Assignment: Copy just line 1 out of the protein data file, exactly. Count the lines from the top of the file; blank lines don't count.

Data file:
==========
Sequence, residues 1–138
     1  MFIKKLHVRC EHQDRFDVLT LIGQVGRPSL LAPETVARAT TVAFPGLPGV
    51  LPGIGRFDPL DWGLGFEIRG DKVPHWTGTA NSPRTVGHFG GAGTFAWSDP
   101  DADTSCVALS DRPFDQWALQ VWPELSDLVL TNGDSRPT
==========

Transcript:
Sequence, residues 1–138